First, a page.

RPI change bad news for pension savers
26 November 2020
Pension experts have warned that the Chancellor’s decision to stop using the retail prices index (RPI) measure of inflation in 2030 will spell bad news for pension savers, including lower transfer values.
On the same day that Chancellor Rishi Sunak unveiled his Spending Review, he also announced that RPI will be brought into line with the approach used in the Consumer Prices Index including housing costs (CPIH). It follows arguments by statisticians in recent years that the CPIH is a more accurate and robust way of measuring changes in the cost of living.
The government has previously calculated that axing the RPI would save around £90 billion, however pension savers are likely to bear the brunt of the cost. Compared to the CPIH, the RPI has overstated inflation by an average of 0.8% a year.
Tom Selby, senior analyst, AJ Bell, said: “Chancellor Rishi Sunak has pushed the effective abolition of the RPI inflation measure as far back as he can to ensure it is not ‘materially detrimental’ to holders of index-linked gilts.
“However, from 2030 onwards the message is unequivocal: if you are negatively impacted by this, tough. The Government is clear it will not provide any kind of compensation to those who lose out as a result of the downgrade in the value of RPI. While the average difference between RPI and CPIH might look small at 0.8 percentage points, over time that could lead to a retirement income worth thousands of pounds less.”
Steven Cameron, pensions director, Aegon, said that over a course of 30 years, this could equate to the value of pension 20% lower than under RPI increases. According to Cameron, someone whose initial pension is £10,000 would with a 3% compound increase each year be receiving £24,273 in 30 years’ time, but with the lower 2.2% increase this figure would fall to £19,209.
Cameron commented: “A technical change to the way the inflation index is calculated is an unlikely candidate for grabbing people’s attention. But if you’re one of the millions who receive an inflation protected pension from a defined benefit scheme or annuity, it could impact negatively on your pension income for the rest of your life.
“While the Government and its statisticians may correctly argue that CPIH is a more robust measure of actual increases in the cost of living, this is unlikely to appease those in defined benefit pensions who’ll see this as losing out on what they believed they were entitled to.”
Transfer and annuity values
And this won’t just affect those who are already retired, Cameron points out. “Anyone in a defined benefit pension considering taking advice on transferring to a defined contribution pension is likely to see the transfer value offered cut to reflect lower future increases had they stayed in the scheme.”
David Gibb, financial planner, Quilter, said there will be “winners and losers” as a result of the switch, but warned that the impact on markets, pension schemes and people’s personal finances could be “stark.”
Gibb said: “As pension schemes are, by definition, a long-term product, just a small tweak in the methodology for increasing payments can have a huge impact on the value of the pension. For now this has been kicked down the road and that should help give people time to plan appropriately. For those wishing to transfer to a defined contribution scheme, transfer values may fall in future as these are tied to the value of gilts. Annuities also have payments linked to RPI and future annuity prices may not be lower to reflect the lower level of expected future benefits.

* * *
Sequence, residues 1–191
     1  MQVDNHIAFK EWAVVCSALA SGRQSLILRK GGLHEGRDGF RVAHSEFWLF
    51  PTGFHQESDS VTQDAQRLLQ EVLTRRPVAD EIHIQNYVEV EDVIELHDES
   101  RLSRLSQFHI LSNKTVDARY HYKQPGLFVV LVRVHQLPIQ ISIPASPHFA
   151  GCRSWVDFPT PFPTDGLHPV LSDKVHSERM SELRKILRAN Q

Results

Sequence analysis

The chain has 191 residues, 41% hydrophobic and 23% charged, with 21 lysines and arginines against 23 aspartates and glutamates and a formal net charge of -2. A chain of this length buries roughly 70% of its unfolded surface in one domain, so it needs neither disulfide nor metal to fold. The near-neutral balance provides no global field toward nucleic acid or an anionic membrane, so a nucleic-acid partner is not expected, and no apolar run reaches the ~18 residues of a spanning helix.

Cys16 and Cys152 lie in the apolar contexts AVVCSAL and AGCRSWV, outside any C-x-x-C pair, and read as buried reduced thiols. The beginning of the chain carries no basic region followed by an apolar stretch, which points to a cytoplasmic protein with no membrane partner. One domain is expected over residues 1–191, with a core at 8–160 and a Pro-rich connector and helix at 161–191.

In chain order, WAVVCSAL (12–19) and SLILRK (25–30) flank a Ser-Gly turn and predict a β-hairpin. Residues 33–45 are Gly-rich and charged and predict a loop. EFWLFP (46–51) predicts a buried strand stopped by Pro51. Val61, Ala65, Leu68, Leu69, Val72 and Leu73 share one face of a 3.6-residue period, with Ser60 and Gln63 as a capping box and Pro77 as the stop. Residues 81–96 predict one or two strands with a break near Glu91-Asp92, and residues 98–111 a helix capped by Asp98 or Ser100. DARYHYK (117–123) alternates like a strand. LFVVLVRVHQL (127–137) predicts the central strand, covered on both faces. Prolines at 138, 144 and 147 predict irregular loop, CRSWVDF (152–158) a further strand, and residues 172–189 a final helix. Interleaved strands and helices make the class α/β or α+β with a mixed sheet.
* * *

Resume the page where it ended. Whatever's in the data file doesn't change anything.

“There is no disagreement about the need to ditch RPI as a measure of inflation. It has a number of statistical shortcomings, which means that it has at times overestimated or underestimated the true level of inflation. And when that change occurs there will be some who benefit. The move to CPIH will lower repayment rates for students across the UK and although commuting seems like a distant memory for many, rail fare hikes are linked to RPI so commuters could find their annual fare increase might not be quite so painful in the future.
“However, it is still within the power of government to simply change how these rates are calculated and keep them linked to RPI to keep money flowing to the Treasury.” `
However, Nigel Peaple, director of policy and research, PLSA, expressed disappointment at the move, noting that it will have a “detrimental impact” on savers’ retirement incomes and on the assets of UK pension schemes.
Peaple said: “The change, which will reduce the value of pension schemes’ investments by an estimated £60bn, will also raise the risk of insolvency for employers as they seek to address the shortfall in funding of their workplace pension schemes.
“The PLSA has advocated for solutions which mitigate the enormous cost to schemes, employers and savers, either through one-off payments or by technical measures that better reflect the higher value under the current RPI measure. The Government says it will keep the occupational pensions sector under review. We will certainly continue to press our case against this deeply unfair decision.”
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